In accordance with the invention, wall 2 and intermediate ring 7 are relatively thin compared to the outer annular metal parts and are made of a metal which is comparatively ductile and has a coeflicient of thermal expansion, e.g., about 10 to 30 10 which is relatively high compared to that of the bushing material. Such metals as low carbon steel or mild steel, silver, copper, tin, lead, and aluminum, and alloys thereof, are satisfactory materials for these components. The inside diameters of rings 6 and 7 normally are slightly smaller than the diameters respectively of surface portions 9 and 10 which they encompass. On the other hand, parts 5 and 3 are made of relatively non-ductile, high tensile strength metals, having coefiicients of thermal expansion which are relatively low compared to parts 6 and 7, e.g., about 6 to 12 10- Stainless steel and tool steel, such as nickel steel, have been found particularly satisfactory examples of such metals for making parts 5 and 8. The inner diameters of the latter parts are normally slightly less than the outer diameters respectively of parts 6 and 7.

The particular combination of metals selected for the inner and outer rings should be such that there is a difference of at least 3X10 between their coetficients of expansion, with the inner ring always having the higher coefiicient.

In mount-ing bushing 3 on the metal support 2, the bushing is inserted in position in the aperture defined by flange 6 after the latter is heated to expand the size of the aperture. Flange 6 is then allowed to cool, with the result that it shrinks into a strong, tight fit around the bushing periphery at surface portion 9. Thereafter, outer metal ring 5, having been expanded by heating, is placed over flange 6, and the parts allowed to cool. Upon cooling, ring 5 thermally contracts and shrinks to a tight fit around flange 6 compressing it permanently and tightly against surface portion 9 of the bushing. This assembly forms a firm, fluid-tight seal around the insulating bushing which prevents passage of moisture or gases between the interior of the tank enclosed by wall 2 and the outside atmosphere, and exhibits a high degree of mechanical strength resistant to movement of, or impact on, the bushing or the apparatus tank.

In a manner similar to that described above, the upper terminal structure is joined in gas-tight relation with the upper end of bushing shell 3. Here, ductile metal ring 7 is shrink-fitted by thermal contraction onto seal surface of the bushing, and terminal cap 8 after initially being expanded by heating is placed over ring 7 and allowed to thermally contract to provide a permanent compression on ring 7 and bushing surface 10.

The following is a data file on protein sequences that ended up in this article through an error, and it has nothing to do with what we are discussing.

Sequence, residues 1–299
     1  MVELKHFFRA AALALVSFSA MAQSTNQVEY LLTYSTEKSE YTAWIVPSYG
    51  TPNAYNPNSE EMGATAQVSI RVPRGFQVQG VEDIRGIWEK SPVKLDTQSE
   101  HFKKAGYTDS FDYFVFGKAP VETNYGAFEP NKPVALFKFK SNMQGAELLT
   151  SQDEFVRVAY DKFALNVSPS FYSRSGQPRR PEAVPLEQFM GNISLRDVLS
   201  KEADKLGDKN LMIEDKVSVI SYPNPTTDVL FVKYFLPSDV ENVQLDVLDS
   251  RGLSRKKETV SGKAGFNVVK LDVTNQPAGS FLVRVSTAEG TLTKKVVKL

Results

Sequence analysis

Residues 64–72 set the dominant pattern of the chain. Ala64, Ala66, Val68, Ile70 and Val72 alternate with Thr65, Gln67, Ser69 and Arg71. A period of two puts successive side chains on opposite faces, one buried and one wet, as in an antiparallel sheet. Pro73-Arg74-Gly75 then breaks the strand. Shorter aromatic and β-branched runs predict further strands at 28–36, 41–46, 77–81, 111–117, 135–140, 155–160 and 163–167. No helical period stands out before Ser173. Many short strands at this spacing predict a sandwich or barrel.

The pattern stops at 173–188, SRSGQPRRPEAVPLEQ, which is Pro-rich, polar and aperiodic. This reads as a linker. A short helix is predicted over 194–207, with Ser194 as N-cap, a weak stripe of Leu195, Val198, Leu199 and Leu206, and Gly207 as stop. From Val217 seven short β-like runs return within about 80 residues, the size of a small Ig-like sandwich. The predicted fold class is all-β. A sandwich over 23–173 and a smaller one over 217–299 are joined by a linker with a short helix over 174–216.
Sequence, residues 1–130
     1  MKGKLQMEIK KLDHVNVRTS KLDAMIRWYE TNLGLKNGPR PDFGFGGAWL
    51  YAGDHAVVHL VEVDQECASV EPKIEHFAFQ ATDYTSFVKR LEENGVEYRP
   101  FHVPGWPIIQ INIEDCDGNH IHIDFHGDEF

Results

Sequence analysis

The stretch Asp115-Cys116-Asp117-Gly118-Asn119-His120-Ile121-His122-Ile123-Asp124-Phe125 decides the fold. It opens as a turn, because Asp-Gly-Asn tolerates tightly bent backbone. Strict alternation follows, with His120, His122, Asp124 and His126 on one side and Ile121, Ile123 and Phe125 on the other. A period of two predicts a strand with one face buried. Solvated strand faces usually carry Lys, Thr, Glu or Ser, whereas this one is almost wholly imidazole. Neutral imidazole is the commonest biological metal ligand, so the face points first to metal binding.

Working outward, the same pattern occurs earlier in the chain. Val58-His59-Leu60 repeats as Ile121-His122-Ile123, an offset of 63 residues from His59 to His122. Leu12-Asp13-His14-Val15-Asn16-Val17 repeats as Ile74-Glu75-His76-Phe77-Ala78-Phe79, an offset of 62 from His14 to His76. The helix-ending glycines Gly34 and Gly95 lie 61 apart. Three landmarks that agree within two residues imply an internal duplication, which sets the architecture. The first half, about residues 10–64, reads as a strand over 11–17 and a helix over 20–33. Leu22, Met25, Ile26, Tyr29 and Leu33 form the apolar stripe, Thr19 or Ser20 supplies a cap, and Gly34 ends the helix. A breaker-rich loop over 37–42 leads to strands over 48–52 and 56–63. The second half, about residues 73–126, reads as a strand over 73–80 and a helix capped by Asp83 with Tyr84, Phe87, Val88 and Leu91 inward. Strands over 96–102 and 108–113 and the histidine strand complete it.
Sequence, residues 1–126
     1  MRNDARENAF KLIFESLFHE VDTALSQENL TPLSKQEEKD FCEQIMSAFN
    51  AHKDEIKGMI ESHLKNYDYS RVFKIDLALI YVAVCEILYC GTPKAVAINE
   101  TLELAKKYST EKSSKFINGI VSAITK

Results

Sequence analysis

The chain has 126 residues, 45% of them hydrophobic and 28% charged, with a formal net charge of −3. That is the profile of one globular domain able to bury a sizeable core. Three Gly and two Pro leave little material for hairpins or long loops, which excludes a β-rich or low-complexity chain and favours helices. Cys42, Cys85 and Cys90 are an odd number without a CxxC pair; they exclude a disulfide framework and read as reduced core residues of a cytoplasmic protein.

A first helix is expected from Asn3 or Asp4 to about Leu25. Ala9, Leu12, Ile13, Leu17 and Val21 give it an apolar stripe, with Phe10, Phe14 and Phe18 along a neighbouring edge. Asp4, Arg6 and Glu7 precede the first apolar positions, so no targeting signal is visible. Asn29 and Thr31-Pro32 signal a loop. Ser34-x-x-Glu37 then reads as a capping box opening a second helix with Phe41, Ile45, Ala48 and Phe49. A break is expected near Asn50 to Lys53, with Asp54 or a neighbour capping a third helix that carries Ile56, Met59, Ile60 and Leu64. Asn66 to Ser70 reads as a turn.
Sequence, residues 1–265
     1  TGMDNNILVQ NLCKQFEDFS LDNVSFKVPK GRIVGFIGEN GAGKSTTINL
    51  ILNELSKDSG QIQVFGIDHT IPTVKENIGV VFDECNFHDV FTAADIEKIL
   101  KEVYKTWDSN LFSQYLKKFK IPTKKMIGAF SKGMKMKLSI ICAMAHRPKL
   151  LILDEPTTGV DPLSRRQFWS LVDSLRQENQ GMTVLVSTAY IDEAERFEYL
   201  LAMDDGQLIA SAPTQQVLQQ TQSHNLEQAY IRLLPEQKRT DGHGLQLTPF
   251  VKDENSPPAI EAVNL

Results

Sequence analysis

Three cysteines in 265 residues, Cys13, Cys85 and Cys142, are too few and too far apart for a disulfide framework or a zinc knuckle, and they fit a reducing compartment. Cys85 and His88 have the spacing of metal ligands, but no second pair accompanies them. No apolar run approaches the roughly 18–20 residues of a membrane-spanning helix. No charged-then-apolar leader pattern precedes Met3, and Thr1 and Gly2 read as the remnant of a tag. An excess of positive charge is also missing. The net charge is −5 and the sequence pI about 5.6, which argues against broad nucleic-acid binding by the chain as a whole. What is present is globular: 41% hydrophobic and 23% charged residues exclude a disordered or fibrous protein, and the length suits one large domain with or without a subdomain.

Seal assemblies made in the manner described were subjected to thermo-cycling tests, i.e., exposed to alternating periods of heating and cooling, but this treatment was found to have little or no adverse effect on the seals produced. It appears that the high thermal expansion characteristics of the intermediate seal ring coupled with its ductility serves to compensate for any tendency of the seal components to separate under thermal variations, as well as under mechanical stress or other operational conditions. At the same time, the high tensile strength of the outer ring provides constant compression to maintain the seal during such variations.

In tests made on a bushing mounted in an aluminum capacitor housing in accordance with the invention, using standard halogen leak-test equipment and a test gas under pounds per square inch pressure, no leakage of the test gas through the seal was found. Moreover, a force is excess of 5500 lbs. was required to push the bushing from the housing, the area of the bushing surface in contact with the seal being about 2.6 square inches.

The described method of providing metal seals on insulating bushings by making use simply of thermal action on the vparts and their inherent relative ductility and tensile strength makes possible the dispensing of the elaborate equipment and procedures heretofore required for making effective fluid-tight seals of this type. It thus considerably simplifies the sealing procedure and enables substantial reduction of cost, time and labor, while at the same time producing fluid-tight seals of superior mechanical and thermal characteristics and high reliability over long periods of use.

The invention is of particular advantage in the manufacture of a variety of electrical apparatus such as capacitors requiring hermetic bushing seals, transformers which utilize gas or oil for cooling or insulation purposes, and vacuum tubes and similar devices wherein tight seals must be maintained to prevent loss of vacuum, gas, liquids, or pressure, and is especially valuable for operations where the high temperatures of welding or brazing techniques cannot be tolerated or are unsuitable.

In general, it is preferable, in the process of mounting the described bushing insulator in housing wall 2, to heat the metal wall to expand the aperture therein for receiving the bushing, and allow the subsequent thermal contraction of flange 6 to provide the necessary compression on bushing seal surface 9. However, in the alternative, the bushing may merely be pressed, such as by a suitable pressing machine, into the slightly smaller aperture of the wall 2 without heating the latter, and in this manner obtain the desired tight compressive fit of the wall flange around the bushing. For this procedure, it has been found desirable for the bushing seal surface and the wall flange to be correspondingly tapered, e.g., about 3 to 4 degrees, toward the lower end of the bushing. The outer ring 5 would still, however, be thermally expanded before applying it to the flange 6 in the manner already described.